It’s been a rocky couple of weeks for some of the big tech giants of the internet.
Still, it’s worth remembering that sometimes the most important news stories will be less publicised than, say, Kanye’s new trainers…
I always like to keep at least one (but preferably two) beady eyes on global tech news, so I’m ahead of the trend when World War III begins. I’ve got a survivalist bunker under my house and I’m determined to use it before 2025!
This week in the news – Uber massively screws over the world [again]; a new sleek, terrifying invention is unveiled and Google is watching you [if you know someone who owns a Pixel]:
You know Uber right? That super-friendly ride-app that pays it’s ’employees’ super fairly? Yeah – them: the California based company that rakes in over 6.5bn dollars last year but still operates at a loss in order to expand like a cancer across the face of the Earth.
Sorry – I think I temporarily lost control of my objectivity.
Anyway, those guys, fresh from their sexism controversies have rushed headlong into another – the defining difference being that this controversy is guaranteed to piss off pretty much every Uber user in the world. It was revealed earlier this month that Uber had concealed a data hack which affected 57 million customers (and drivers) all across the world. The breach in security is one thing, but the hiding of the hack is another altogether.
From a user’s point of view this is a clear sign to stay well clear from an app that is not safe or secure to use. Despite the handiness of Uber, I know I’m going to be avoiding it for as long as possible and simply calling a cab instead.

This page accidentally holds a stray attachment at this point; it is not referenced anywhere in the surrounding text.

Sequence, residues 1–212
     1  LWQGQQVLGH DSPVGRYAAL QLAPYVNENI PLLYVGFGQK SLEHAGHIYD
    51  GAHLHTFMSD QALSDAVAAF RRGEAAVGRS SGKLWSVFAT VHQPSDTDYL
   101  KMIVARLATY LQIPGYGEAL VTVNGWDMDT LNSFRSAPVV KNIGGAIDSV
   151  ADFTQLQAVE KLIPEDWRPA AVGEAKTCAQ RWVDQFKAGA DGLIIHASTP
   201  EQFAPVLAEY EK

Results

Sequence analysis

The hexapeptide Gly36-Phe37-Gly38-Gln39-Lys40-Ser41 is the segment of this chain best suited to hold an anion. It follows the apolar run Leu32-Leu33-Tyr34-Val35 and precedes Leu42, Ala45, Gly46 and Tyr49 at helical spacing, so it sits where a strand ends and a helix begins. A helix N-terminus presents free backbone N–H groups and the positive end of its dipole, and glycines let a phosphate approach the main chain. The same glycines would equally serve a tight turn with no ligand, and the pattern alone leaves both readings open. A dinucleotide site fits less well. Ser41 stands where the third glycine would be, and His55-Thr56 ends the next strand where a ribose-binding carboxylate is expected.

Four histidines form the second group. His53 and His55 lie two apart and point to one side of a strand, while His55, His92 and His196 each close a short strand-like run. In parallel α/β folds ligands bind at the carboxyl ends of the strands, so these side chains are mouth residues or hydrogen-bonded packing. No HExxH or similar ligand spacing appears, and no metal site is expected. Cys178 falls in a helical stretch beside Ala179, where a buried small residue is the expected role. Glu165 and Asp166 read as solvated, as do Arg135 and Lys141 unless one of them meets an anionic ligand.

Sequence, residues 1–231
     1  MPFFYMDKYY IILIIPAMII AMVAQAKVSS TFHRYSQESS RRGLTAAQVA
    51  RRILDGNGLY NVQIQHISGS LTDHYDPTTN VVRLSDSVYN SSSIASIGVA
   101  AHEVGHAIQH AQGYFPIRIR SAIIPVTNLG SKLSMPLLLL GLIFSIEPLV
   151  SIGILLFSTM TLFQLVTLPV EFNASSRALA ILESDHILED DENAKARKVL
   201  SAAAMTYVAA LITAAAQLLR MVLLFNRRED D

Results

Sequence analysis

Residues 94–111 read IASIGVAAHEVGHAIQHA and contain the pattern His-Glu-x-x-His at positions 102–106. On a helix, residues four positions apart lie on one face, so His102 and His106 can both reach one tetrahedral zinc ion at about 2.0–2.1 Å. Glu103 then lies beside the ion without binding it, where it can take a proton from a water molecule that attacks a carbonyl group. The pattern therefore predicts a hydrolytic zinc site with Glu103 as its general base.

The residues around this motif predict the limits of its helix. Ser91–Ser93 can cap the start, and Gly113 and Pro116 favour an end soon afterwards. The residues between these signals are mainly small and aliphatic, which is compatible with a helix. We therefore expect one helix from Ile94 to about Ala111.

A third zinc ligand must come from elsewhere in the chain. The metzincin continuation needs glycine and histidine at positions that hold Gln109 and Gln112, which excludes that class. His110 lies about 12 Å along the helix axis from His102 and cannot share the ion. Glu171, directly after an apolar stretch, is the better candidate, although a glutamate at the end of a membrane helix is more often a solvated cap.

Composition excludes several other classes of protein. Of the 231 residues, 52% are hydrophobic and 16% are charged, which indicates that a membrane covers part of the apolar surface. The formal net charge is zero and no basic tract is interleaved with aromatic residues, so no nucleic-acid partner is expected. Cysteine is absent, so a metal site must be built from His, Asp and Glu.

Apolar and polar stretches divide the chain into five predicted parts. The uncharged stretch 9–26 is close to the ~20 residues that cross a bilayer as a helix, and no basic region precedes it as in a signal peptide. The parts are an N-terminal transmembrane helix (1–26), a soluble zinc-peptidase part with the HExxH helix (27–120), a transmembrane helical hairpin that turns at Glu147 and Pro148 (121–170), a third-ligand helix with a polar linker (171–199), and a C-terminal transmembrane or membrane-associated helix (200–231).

In other news – Google Lens is coming, effectively turning every Pixel and Pixel 2 into a walking eye for the bots to learn with.
Well – that’s probably exaggerating a little bit – still, the tech powerhouse is promising that it’s Lens tool, originally introduced as an update to the Photos function in the Pixel and Pixel 2, will be rolled out as a baked in feature of the Google Assistant.
Lens allows users to use the cameras in their Google phones to analyse and save information about real-world objects in real-time. The applications of this kind of tech are endless: you can scan written addresses into Google Maps, get more information about landmark or even learn about books by scanning their covers .
At the moment, Lens is still in learning-phase, however the more objects it scans and learns about, with the help of its users, the more it will be able to recognise: not scary or portentous at all…
Loot Crates Under Attack Once More
There’s been a growing furore over the use (or misuse) of Loot Crates in video games, most notably after the release of EA’s hotly anticipated sequel, Battlefront II.
The argument that some politicians are making around the world is that the Loot Crate system used in this game and a few others, is essentially gambling and should not be made available to children. EA’s new game is based on the Star Wars franchise, a property that appeals today to as many children as it does adults, if not more.
Whilst both the UK’s Gambling Commission and the US lawmakers have stated that loot crates do not constitute gambling (based on the grounds that the player does not win any ‘real’ property) many others have argued that the introduction of in-game reward systems is normalising gambling habits and taking advantage of young players, who might seek an in-game benefit by endlessly spinning an arbitrary roulette wheel at the cost of themselves or their parents.